Absinthe, part 1: Alive, well, and legal in Maine, a visit to Tree Spirits Distillery

Written by Michael Oudyn

While vacationing this summer in Maine I came across an add in the local paper. Just up the road in Oakland someone was making

The "decadent muse" is back.

The “decadent muse” is back.

absinthe, “the decadent goddess.” Yes, “the green fairy,” the drink of choice of Parisian fin-de-siècle bohemia was back, alive and kicking, and once again legal. The notorious “muse extraordinaire” could be got at Tree Spirit Winery and Distillery. So off we went to check it out.  The place which housed the tasting room and the distillery was very small, not much bigger than a garage. We sniffed the herbs used in absinthe which it turns out don’t smell like much of anything until soaked in alcohol.

Tree Spirit's traditional absinthe maker

Tree Spirit’s traditional absinthe maker

We admired the traditional absinthe maker. We tasted the green fairy with the traditional four parts water, which reduces the alcohol level to 16%, and some sugar, which cuts the bitterness of the wormwood. Well I really liked the stuff, and the whole mystique.  Then we were treated to a fine, informative  tour of the place with the owner, Bruce Olson, who gave us a  little of the history of absinthe, a bit of his own personal story, and a peek into the workings of America’s alcohol and tobacco bureaucracy.   Here are some excerpts from that interview.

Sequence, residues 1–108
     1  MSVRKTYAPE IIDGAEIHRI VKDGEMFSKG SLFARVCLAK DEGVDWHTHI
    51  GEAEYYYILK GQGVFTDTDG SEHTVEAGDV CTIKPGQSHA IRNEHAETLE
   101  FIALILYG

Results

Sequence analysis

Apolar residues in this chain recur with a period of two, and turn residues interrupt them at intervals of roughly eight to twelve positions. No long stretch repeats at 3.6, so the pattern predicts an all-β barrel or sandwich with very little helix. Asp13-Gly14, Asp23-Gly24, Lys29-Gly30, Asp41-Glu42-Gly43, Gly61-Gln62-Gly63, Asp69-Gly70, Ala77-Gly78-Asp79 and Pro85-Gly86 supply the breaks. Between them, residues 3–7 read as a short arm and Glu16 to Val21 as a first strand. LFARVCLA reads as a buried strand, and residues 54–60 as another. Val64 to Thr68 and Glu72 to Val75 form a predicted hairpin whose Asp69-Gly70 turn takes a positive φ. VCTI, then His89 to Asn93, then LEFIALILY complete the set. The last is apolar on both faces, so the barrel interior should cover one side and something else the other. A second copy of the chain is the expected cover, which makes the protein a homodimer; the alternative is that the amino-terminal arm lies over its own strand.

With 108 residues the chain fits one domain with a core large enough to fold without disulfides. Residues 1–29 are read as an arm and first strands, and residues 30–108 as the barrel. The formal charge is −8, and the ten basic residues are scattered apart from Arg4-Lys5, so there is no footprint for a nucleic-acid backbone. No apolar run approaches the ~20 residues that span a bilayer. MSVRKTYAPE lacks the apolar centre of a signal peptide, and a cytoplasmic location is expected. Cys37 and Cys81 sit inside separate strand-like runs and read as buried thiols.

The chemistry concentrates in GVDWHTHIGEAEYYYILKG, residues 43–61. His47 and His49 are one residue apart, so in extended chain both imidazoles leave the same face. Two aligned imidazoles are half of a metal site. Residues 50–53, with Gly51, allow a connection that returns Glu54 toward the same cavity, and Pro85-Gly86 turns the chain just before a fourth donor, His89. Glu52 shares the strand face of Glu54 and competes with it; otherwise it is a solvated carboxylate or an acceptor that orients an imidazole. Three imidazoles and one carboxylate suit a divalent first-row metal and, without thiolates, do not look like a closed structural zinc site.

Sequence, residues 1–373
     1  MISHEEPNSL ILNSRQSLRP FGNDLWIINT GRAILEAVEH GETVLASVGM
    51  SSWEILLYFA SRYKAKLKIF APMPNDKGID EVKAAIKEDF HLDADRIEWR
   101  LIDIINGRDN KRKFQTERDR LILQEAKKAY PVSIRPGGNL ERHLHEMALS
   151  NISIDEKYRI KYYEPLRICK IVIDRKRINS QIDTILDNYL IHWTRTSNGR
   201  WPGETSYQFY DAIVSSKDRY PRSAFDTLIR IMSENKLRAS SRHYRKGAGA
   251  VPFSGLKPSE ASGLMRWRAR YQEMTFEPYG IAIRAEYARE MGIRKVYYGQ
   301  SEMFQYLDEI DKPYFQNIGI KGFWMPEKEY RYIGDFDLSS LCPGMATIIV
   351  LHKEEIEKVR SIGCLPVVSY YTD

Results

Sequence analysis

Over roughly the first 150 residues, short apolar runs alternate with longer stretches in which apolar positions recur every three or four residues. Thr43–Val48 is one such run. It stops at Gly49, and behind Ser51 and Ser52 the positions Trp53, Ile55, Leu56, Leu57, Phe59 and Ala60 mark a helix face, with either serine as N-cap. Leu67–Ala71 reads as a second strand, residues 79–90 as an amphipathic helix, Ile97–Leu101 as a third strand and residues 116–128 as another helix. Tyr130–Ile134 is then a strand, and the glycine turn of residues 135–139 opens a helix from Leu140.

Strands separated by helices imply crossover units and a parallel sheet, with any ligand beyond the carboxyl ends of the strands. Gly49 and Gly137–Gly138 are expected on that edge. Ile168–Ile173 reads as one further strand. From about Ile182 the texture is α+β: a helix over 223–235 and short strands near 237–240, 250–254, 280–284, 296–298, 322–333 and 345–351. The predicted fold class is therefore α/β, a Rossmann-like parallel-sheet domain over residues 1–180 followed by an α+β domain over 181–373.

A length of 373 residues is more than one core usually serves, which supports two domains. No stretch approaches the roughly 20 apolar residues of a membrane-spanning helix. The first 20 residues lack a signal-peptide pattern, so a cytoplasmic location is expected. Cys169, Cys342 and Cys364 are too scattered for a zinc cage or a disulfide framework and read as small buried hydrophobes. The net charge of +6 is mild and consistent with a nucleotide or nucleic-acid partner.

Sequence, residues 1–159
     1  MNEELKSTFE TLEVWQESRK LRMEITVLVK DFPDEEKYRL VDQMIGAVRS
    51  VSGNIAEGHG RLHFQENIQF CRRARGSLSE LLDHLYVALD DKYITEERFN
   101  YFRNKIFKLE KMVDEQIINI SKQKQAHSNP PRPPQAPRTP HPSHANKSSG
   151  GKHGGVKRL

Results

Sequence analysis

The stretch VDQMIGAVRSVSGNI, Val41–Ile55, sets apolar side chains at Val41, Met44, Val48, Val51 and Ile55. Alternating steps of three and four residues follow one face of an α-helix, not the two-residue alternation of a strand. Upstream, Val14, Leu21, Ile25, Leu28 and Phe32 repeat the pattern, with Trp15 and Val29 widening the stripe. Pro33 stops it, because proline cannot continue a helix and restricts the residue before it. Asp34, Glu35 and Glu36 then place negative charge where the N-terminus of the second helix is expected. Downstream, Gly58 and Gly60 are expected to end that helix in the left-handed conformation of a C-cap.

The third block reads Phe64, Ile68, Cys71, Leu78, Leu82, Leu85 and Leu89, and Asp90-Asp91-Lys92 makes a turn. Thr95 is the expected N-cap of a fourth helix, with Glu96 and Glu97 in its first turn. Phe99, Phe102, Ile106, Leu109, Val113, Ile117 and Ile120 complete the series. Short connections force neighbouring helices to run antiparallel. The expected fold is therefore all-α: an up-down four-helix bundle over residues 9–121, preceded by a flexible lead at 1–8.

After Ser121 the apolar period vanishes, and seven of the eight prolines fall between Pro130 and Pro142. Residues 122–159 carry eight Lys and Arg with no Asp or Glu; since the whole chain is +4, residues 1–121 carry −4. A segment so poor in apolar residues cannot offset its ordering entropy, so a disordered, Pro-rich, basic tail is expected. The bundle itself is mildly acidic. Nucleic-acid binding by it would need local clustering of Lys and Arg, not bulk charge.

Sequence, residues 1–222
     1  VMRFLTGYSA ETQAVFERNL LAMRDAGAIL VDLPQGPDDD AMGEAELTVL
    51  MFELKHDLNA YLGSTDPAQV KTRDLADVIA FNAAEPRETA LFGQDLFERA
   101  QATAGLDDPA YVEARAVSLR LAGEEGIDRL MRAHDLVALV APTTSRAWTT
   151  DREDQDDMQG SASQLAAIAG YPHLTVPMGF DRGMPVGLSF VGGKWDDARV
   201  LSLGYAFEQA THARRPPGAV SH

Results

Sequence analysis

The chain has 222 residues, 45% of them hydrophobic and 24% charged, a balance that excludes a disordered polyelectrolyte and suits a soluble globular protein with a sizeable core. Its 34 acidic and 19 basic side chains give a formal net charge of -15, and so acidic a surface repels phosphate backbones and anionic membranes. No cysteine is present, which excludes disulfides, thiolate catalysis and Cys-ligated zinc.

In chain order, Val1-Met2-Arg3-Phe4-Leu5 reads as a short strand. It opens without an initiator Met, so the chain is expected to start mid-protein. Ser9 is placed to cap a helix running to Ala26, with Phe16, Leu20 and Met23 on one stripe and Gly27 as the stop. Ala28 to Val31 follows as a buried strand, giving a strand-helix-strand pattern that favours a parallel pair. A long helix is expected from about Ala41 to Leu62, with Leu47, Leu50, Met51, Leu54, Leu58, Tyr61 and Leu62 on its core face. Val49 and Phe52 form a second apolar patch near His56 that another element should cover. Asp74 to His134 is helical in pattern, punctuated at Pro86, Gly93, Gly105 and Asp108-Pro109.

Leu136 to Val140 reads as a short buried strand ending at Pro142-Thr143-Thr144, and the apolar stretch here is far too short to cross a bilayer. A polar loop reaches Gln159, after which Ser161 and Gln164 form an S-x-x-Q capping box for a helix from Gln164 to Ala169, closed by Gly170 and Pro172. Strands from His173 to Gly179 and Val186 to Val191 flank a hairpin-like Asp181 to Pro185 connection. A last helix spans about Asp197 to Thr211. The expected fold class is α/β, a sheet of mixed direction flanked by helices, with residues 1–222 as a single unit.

Herbs used in making absinthe

Herbs used in making absinthe

“So, what got you interested in absinthe, of all things?”

“It’s funny. In college I did a paper on absinthe in a freshman composition class. We were reading some novel about London in the late 19th century…I’d never even heard about it before and never really thought about it again. Until a couple of years ago. I was looking around for something new to make here.”

“What’s your production of absinthe?”

“Per year? We don’t know. We haven’t got through a whole year yet. It will be somewhere around 50 cases… It took us over a year to get federal approval for (our absinthe). We had a lot of hoops to jump through. Liquor and spirits are a lot more difficult than wine, and absinthe, because of its reputation, has a whole other set of restrictions on it…They have to test it for Thujone, the component that’s hallucinogenic and comes out of wormwood. To be sold in the

Owner Bruce Olson in his distillery

Owner Bruce Olson in his distillery

United States any absinthe has to be considered ‘Thujone free,’ less than ten parts per million. It’s all sort of legend…The fact that it’s 130 proof is probably more hallucinogenic than a tiny bit of Thujone… In any case, the first sample we submitted, flunked.  Too much thujone…We had to reformulate it and we got that batch approved. …Then the label has to be approved. It can’t promote the idea, that it’s hallucinogenic or psychotropic, again because of the mystique around absinthe. But if you look at some of the labels you’ve got Van Gogh with only one ear…”